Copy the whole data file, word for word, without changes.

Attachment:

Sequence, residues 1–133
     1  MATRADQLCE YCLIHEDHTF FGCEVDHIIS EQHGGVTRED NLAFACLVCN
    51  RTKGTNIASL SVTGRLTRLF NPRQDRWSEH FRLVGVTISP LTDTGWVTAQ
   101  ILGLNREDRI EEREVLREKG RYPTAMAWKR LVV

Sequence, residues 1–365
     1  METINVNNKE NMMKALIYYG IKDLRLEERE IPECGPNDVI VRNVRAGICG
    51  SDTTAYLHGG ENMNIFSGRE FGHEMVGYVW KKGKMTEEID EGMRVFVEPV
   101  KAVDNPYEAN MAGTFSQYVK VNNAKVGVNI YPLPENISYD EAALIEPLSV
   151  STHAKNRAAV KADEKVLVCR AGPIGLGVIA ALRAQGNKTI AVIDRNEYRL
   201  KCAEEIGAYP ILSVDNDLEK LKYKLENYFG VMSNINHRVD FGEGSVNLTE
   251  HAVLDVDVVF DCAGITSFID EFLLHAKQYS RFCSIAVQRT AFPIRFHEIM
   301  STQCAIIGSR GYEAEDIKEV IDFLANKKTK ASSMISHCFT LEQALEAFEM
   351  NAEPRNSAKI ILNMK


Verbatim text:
Sequence, residues 1–133
     1  MATRADQLCE YCLIHEDHTF FGCEVDHIIS EQHGGVTRED NLAFACLVCN
    51  RTKGTNIASL SVTGRLTRLF NPRQDRWSEH FRLVGVTISP LTDTGWVTAQ
   101  ILGLNREDRI EEREVLREKG RYPTAMAWKR LVV

Sequence, residues 1–365
     1  METINVNNKE NMMKALIYYG IKDLRLEERE IPECGPNDVI VRNVRAGICG
    51  SDTTAYLHGG ENMNIFSGRE FGHEMVGYVW KKGKMTEEID EGMRVFVEPV
   101  KAVDNPYEAN MAGTFSQYVK VNNAKVGVNI YPLPENISYD EAALIEPLSV
   151  STHAKNRAAV KADEKVLVCR AGPIGLGVIA ALRAQGNKTI AVIDRNEYRL
   201  KCAEEIGAYP ILSVDNDLEK LKYKLENYFG VMSNINHRVD FGEGSVNLTE
   251  HAVLDVDVVF DCAGITSFID EFLLHAKQYS RFCSIAVQRT AFPIRFHEIM
   301  STQCAIIGSR GYEAEDIKEV IDFLANKKTK ASSMISHCFT LEQALEAFEM
   351  NAEPRNSAKI ILNMK